- 60,000 miles for economy
- 80,000 miles in business class
- 105,000 miles in first class
These prices actually aren’t bad, especially for premium cabin. And if it’s an airline that doesn’t have fuel surcharges (like Air Berlin, which does that route), it’s a super great deal. But can we make it even better?
Yes. You can add one more stop. But you can pretty much connect all of Europe on Air Berlin/Nikki. Either go from hub to hub. Or from a hub to a destination that connects to another hub.
Hubs and focus cities:
You can find routes out of any of these cities. So you could fly out of Dusseldorf to a city that would also connect to Vienna, and then connect to Vienna. Like Rome. Dusseldorf to Rome to Vienna.
Doing this you can hit almost any city in Europe without fuel surcharges!
Crazy awesome thing is that all intra-Europe flights on AirBerlin (or Nikki to/from Vienna) are going to be without fuel surcharges.
But there are some flights in Europe on British Airways that would have fuel surcharges.
However, there is a problem to adding stopovers in Europe: airport taxes. You can’t avoid them, but when you start adding stopovers you start adding on all these insane airport taxes. Not too sure what to do about that other than get the Barclay World Arrival card, find cheap airports, or don’t do stopovers/Europe.
By flying to Dusseldorf, I’ll obviously have to leave Dusseldorf and pay their taxes (unless I open-jaw), but also by adding Vienna as a stop, you’ll add the VIE airport taxes ($40?).
Think of the airport tax as the price of adding a stopover.
Back to the Europe stopover, thing.
We’re flying New York to Dusseldorf (stopover) on US Air, and now onto Vienna with Nikki/Air Berlin. The VIE airport will add $40. We can essentially do this process over and over, up to 5 stops!
To make things shorter, I’ll draw up a route.
New York – Dusseldorf – Vienna – Warsaw – Dublin – New York
Actually that’s only 4 stops (one more left), but let’s at least add it up on GCmap. (JFK-DUS-VIE-WAW-DUB-JFK).
8,899 flown miles, will make it 60,000 Asia Miles in economy + fuel on the intra-Europe flights + airport taxes.
Latin America/Caribbean Stopovers
The same concept applies here, except there are no fuel surcharges to worry about, and the airport taxes are much more minor.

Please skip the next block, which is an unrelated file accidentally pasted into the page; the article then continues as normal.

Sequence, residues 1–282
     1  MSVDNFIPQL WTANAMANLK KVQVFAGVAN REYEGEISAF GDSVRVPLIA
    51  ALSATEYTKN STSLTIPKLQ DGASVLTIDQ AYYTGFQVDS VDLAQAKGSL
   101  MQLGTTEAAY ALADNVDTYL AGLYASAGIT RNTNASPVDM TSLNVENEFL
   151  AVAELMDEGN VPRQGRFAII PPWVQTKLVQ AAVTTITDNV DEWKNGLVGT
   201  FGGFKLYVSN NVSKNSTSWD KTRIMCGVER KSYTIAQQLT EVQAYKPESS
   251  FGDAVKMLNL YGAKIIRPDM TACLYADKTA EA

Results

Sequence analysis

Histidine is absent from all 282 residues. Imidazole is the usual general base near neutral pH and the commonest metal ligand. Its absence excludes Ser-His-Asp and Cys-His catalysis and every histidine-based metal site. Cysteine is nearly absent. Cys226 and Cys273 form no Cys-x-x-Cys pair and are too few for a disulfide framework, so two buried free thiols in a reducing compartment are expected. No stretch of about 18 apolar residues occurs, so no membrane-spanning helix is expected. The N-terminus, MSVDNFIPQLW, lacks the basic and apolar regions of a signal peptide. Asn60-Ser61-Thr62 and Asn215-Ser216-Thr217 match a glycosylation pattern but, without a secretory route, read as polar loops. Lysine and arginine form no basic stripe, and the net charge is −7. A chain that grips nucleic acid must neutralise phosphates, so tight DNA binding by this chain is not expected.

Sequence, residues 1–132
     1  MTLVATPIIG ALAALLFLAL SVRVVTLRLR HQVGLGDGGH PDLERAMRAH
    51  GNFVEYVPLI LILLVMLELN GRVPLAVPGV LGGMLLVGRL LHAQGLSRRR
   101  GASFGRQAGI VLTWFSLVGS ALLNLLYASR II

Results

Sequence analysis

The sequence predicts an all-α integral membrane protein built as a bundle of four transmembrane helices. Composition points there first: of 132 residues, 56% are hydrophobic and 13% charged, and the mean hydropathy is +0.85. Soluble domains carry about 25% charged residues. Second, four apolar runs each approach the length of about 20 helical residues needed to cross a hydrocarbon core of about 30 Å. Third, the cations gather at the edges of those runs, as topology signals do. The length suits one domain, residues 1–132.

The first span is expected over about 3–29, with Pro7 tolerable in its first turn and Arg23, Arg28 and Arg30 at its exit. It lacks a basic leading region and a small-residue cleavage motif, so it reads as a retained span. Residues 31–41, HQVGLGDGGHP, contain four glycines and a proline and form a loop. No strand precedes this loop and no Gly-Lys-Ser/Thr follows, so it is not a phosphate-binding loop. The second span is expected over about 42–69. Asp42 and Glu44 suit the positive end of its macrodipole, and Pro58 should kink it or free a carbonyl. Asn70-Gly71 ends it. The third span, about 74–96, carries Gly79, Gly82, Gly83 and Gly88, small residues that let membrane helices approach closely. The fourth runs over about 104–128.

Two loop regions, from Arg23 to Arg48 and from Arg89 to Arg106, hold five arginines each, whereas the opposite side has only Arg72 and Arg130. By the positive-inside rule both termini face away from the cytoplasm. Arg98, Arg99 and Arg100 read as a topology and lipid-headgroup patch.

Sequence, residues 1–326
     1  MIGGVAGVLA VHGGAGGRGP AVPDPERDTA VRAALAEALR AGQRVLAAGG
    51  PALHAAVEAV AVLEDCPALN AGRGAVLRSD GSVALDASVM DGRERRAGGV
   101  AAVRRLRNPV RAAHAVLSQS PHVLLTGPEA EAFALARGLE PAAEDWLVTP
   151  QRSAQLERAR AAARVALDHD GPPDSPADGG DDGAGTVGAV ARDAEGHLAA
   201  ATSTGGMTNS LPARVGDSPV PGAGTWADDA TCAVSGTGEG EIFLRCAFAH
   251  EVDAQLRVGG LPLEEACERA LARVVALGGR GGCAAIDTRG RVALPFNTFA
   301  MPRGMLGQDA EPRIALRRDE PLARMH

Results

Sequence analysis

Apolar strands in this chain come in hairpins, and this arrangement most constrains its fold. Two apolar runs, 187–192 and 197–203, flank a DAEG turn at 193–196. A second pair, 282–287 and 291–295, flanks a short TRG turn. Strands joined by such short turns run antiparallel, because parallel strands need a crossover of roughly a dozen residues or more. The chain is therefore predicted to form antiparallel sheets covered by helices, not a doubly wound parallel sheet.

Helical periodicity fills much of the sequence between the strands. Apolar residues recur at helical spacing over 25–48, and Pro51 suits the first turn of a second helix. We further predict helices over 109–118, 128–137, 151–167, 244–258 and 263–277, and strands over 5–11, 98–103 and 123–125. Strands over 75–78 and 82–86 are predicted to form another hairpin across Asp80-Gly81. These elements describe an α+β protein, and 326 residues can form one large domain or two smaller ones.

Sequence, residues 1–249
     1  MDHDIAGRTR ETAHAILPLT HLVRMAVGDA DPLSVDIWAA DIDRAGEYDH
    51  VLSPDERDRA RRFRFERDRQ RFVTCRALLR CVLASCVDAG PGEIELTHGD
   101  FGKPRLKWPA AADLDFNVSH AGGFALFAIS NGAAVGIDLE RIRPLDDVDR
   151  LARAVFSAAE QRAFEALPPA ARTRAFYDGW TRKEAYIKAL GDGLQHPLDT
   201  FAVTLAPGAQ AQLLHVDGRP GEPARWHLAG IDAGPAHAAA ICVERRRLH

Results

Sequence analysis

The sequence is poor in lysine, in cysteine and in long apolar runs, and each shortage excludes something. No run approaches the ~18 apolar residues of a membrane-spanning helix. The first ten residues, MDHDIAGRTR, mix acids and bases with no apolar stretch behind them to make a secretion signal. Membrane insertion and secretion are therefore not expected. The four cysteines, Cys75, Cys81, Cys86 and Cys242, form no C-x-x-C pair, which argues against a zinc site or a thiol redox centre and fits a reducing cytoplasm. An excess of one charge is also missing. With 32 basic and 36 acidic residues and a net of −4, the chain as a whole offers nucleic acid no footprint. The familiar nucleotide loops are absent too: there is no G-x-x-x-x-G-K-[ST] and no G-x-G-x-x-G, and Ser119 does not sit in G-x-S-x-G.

The route above is New York – Cancun – Lima – Quito – Miami – New York. It’s 7,620 flown miles, which would bring the award price to 60,000 Asia Miles.
Is 60,000 Asia Miles great for this route?
Let’s compare what it would be on other airlines to Lima, Peru:
- AA = 35,000 miles (0 stopovers)
- US Air = 60,000 miles (1 stopover)
- Lufthansa = 60,000 miles (2 stopovers)
- Air Canada = 50,000 miles (2 stopovers)
- ANA = 38,000 – 43,000 miles (3 stopovers)
It’s a great deal given how many stopovers you get. The only one that really beats it, apples to apples is ANA. But nowadays, (with TAM now in OneWorld), availability is much better with Asia Miles.
The other advantage is just burning Citi points!
I know a lot of people have a ton of Citi points. Of the new transfer partners, this is one of the airlines that could be the most rewarding. Plus, there are a few great redemptions with stopovers and lack of fuel surcharges. For some this could be a great program.
Again, it’s not quite as good as ANA but they are in two different alliances. Even in Latin America they can feature different hubs. Plus, Citi points have been easier to come by.
I don’t have any great Citi bonuses to pimp right now, nor do I think Citi transfers are nearly as valuable as Amex or Chase… but it’s just another option for us miles collectors.
But the real advantage of Asia Miles is that it’s a transfer partner of Amex, Citi and SPG. While I don’t ever see a situation where I would use my valuable SPG points on Asia Miles (over AA), Citi and Amex are secondary currencies for me with frequent large bonuses. Accumulating enough miles is easy.
And obviously, 4 stopovers is a lot. I think it’s the most of any of the airlines. On this blog, that’s worth something.